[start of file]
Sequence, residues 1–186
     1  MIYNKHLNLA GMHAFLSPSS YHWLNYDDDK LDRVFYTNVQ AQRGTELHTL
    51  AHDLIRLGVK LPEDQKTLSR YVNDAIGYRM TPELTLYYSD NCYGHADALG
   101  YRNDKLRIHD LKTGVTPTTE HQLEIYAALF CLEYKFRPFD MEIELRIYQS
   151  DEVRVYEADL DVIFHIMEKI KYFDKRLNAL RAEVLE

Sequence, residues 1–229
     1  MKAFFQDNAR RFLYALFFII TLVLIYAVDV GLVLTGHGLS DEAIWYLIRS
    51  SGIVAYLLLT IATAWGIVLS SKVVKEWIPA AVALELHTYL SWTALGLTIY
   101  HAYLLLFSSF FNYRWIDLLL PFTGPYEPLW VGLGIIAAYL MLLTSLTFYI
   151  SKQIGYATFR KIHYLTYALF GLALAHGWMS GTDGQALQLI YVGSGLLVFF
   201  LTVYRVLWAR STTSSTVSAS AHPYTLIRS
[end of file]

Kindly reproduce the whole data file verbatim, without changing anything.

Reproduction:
Sequence, residues 1–186
     1  MIYNKHLNLA GMHAFLSPSS YHWLNYDDDK LDRVFYTNVQ AQRGTELHTL
    51  AHDLIRLGVK LPEDQKTLSR YVNDAIGYRM TPELTLYYSD NCYGHADALG
   101  YRNDKLRIHD LKTGVTPTTE HQLEIYAALF CLEYKFRPFD MEIELRIYQS
   151  DEVRVYEADL DVIFHIMEKI KYFDKRLNAL RAEVLE

Sequence, residues 1–229
     1  MKAFFQDNAR RFLYALFFII TLVLIYAVDV GLVLTGHGLS DEAIWYLIRS
    51  SGIVAYLLLT IATAWGIVLS SKVVKEWIPA AVALELHTYL SWTALGLTIY
   101  HAYLLLFSSF FNYRWIDLLL PFTGPYEPLW VGLGIIAAYL MLLTSLTFYI
   151  SKQIGYATFR KIHYLTYALF GLALAHGWMS GTDGQALQLI YVGSGLLVFF
   201  LTVYRVLWAR STTSSTVSAS AHPYTLIRS